Making a bird, Part 4

Sanding and Finishing

This is the fourth and last part in a series showing how I carve and finish my birds. The other parts are:

Preparing the Block
The Cutout

There’s not much I can say about sanding. After I finished with the diamond burr, I cut a square of 120 grid sandpaper and used it to smooth the figure. As I said in the previous post, the diamond burr works well for removing the really high spots and deep scratches, but isn’t very good for smoothing a larger surface. At least, I’m not that good with it. I always end up with a wavy surface. So I use the 120 grit sandpaper by hand to smooth the figure.

After I’ve finished with the 120 grit sandpaper, I move up to 150 or 180, then to 220 grit. Here’s the figure after 220 grit sanding.

Before I complete sanding, I drill the hole for the hanger, and engrave the bird number and my name on the bottom. The picture below shows the bird with a mark on its back where I’ll drill the hole.

After I drill the hole (about 1/2 inch deep, using a 1/32 inch drill bit connected to my little battery powered rotary tool), I switch to an engraving bit and engrave my name on the bottom of the bird. Then I sand again with 220 grit. At this point I decide how smooth I want the figure. 220 grit is plenty smooth, but I typically will go to at least 320, and often finish by sanding with 400 grit wet/dry paper and a little water. That makes for a nice smooth finish.

I’ve gone as high as 1,200 grit (wet) on some of the harder woods. It makes for an almost glass-smooth finish. But it really is overkill.

When I started this project, I was using a small eye screw for the hanger. But those eye screws were slightly too large for the figure, and I didn’t much like the the silver (stainless steel, aluminum, whatever) finish. I’ve since begun using smaller pins that I picked up in the jewelry findings section of a big-box craft store (not sure if it was Michael’s or Hobby Lobby).

These pins are two inches long and slightly less than 1/32 inch in diameter. I cut the pin to something between 1/2 and 3/4 inch long, test fit it, then put a drop of super glue on it and push it into the hole.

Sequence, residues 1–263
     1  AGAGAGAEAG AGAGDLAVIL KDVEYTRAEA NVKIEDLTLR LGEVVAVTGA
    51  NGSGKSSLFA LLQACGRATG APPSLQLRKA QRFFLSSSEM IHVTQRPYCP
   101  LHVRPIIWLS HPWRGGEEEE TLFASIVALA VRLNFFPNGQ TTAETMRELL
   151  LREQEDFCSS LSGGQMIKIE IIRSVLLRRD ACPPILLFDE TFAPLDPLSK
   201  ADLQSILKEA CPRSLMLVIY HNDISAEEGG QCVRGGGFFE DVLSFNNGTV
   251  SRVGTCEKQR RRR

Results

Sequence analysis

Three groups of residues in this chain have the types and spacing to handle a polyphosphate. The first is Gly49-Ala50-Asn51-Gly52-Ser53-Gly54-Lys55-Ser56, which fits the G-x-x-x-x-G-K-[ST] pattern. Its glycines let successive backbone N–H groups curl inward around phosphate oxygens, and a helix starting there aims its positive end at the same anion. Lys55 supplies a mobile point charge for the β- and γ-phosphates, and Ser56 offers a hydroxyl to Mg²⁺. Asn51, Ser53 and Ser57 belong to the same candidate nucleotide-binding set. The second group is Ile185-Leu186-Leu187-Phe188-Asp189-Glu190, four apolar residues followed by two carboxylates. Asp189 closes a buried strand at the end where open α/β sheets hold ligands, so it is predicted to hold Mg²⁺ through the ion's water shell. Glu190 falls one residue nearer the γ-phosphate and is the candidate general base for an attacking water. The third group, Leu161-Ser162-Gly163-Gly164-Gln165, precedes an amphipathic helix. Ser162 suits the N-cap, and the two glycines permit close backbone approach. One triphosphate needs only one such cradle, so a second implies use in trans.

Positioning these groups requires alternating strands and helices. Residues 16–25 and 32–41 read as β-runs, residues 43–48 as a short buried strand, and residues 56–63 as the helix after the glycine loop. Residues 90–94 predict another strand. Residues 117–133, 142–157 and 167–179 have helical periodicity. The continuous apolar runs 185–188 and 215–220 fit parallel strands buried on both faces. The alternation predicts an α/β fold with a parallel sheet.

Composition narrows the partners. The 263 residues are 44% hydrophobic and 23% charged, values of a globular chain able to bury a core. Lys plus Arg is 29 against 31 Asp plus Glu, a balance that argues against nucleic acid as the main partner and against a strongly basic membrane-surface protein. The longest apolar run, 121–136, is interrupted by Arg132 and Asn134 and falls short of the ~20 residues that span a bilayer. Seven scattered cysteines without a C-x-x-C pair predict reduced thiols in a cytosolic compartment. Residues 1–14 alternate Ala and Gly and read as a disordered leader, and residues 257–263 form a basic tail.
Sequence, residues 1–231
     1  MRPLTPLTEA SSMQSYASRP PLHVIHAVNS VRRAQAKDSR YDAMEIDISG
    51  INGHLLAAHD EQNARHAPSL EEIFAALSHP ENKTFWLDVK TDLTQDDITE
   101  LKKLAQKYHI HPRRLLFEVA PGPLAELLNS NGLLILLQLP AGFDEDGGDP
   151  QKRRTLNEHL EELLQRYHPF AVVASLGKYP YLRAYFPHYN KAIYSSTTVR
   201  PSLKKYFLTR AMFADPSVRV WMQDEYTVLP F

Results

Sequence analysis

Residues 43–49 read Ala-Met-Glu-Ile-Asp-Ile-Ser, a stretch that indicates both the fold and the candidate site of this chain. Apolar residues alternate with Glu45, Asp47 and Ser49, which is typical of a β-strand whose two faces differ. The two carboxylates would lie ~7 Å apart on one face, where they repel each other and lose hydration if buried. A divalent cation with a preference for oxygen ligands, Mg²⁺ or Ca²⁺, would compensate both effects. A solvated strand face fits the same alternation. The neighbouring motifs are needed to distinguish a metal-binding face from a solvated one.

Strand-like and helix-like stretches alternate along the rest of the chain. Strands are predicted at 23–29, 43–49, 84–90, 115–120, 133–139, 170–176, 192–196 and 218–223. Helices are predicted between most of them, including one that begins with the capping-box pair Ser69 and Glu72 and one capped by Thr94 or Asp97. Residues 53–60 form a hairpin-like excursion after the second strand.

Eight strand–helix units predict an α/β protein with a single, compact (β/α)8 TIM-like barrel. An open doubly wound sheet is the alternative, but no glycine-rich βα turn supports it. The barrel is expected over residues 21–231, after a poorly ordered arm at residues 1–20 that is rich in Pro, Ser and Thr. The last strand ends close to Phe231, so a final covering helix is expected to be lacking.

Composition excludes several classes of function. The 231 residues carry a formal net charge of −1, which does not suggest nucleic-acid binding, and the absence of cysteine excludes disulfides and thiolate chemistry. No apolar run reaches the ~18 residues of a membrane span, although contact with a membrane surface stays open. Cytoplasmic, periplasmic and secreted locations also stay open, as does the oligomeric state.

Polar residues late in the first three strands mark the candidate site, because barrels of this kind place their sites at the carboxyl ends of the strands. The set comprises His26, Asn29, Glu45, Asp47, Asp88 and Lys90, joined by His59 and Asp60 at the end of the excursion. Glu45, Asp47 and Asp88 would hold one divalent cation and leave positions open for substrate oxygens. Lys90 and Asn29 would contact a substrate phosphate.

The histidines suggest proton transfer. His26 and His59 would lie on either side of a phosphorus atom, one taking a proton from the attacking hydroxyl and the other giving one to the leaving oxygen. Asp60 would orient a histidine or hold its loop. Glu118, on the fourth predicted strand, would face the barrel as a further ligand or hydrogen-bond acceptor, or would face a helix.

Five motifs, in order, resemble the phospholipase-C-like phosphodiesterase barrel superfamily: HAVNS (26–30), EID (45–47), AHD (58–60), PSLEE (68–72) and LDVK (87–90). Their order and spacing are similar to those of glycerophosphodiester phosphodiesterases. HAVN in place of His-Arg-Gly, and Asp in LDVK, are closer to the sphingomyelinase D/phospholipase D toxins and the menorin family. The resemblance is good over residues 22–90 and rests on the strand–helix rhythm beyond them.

If I’m feeling especially fastidious, I’ll try to clean up the bit of glue that seeps out around the pin. Usually I’ll just leave it, unless I somehow got a whole lot of glue that will leave a noticeable bump. I let the glue dry for an hour or so before I continue.

I should note here that the super glue is strong enough to hold this bird figure when it’s hanging, but it won’t hold if you put much stress on it. You especially don’t want to twist the pin in the hole after the glue is set. That will break the glue joint and you’ll have to re-glue it.

I like simple finishes, so I typically go with a wax or oil/wax mixture. I’ve used Howard Feed ‘n Wax (mixture of orange oil, beeswax, and carnauba wax) on most of my birds. For this one, I selected MinWax paste finishing wax. Following the directions on the package, I applied some of the wax, let it set for a while, and then buffed it with a soft cloth.

If you decide to go the MinWax route, do yourself a favor and buy a smaller can. I’ve had this stuff for six years and it’s not even half empty. If you make small things like I do, a little container of wax is going to last you a long, long time.

And here’s the bird a couple of days after I buffed off the wax.

That’s how I take a block of wood and turn it into a stylized bird. It doesn’t take as long as you might think. Now that I have the steps down, I can go from raw block to finished bird with maybe an hour of work. Less than that with a soft wood like this Western Red Cedar. The most time consuming parts are the carving and the first bit of sanding. Getting the figure smooth can take longer than the carving! After that, there’s not much work to do.

The finish work is spread out over a couple of hours because I have to wait for the figure to dry after wet sanding, for the glue to dry, and for the finish to dry. But the amount of work I have to do between times is very small.

I’ve carved several of these birds with a knife, as well. The carving takes a bit more time, depending on the wood’s hardness, but everything else takes about the same.